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BOB ABERNETHY: On our calendar this week, the 8-day Jewish festival of Hanukkah, beginning Sunday night. It is a holiday of freedom, recalling the successful Jewish revolt, around 165 B.C., against the Syrians, who had conquered and occupied Jerusalem. The revolt was led by a Jewish family called the Maccabees. Hanukkah is celebrated with a 9-candle menorah -- one to light the eight others, which stand for the Hanukkah miracle, when one cruse, or pitcher, of oil burned for 8 days. We heard the story at the home of Rabbi Bentzion Geisinsky, in Potomac, Maryland.

Rabbi BENTZION GEISINSKY: We accept this to be the first battle of freedom of religion.

Hanukkah candles

Where there were a very few who went up against a great majority. And that essentially is the story of the Macabees.

And they conquered Jerusalem and were able to retake the temple.

When they came into the temple, they found that it had been vandalized and violated.

And they made a decision that they would not light the menorah with defiled oil.

They found one cruze, which was enough to last one day, and that had been untampered with. And the amazing miracle was that this little bit of oil, instead of just burning an hour or two, burned for the entire night, and this happened for eight consecutive nights.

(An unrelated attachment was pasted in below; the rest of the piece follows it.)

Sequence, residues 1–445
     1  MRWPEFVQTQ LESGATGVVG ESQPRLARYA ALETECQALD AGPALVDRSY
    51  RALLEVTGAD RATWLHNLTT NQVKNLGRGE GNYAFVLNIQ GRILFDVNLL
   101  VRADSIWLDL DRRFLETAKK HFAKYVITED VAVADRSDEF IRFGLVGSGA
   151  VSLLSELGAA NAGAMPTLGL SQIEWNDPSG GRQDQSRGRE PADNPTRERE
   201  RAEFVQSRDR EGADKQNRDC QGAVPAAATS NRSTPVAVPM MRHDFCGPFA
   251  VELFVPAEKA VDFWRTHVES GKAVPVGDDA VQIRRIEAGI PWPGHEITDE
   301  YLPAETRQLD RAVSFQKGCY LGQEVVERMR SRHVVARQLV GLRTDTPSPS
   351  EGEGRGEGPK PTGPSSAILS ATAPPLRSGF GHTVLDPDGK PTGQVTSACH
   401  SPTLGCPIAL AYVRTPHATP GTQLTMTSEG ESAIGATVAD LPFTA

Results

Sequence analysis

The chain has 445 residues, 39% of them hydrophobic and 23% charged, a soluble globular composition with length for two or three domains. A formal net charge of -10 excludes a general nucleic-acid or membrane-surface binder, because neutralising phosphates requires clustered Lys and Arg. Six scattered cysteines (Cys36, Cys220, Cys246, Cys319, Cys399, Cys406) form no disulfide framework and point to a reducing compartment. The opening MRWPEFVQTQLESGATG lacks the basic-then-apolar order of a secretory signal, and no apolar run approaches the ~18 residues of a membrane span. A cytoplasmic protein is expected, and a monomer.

As a result, we celebrate this amazing miracle, the miracle of purity, of sanctity, and of boldness, and true more than anything else, of spirit.

In the blessing that we make over the menorah, we specifically state that this is about a celebration that happened back then, in these days.

No matter what happens in your life, and even if everything seems to crash around you, there's still a candle that continues to burn. And that is the menorah -- that is the story of the menorah. So essentially, we publicize it because it is the spirit of people and it is a miracle of God over man.

Hanukkah

Hanukkah is a holiday of freedom, recalling the successful Jewish revolt against the Syrians who had conquered and occupied Jerusalem. We heard the story at the home of Rabbi Bentzion Geisinsky, in Potomac, Maryland.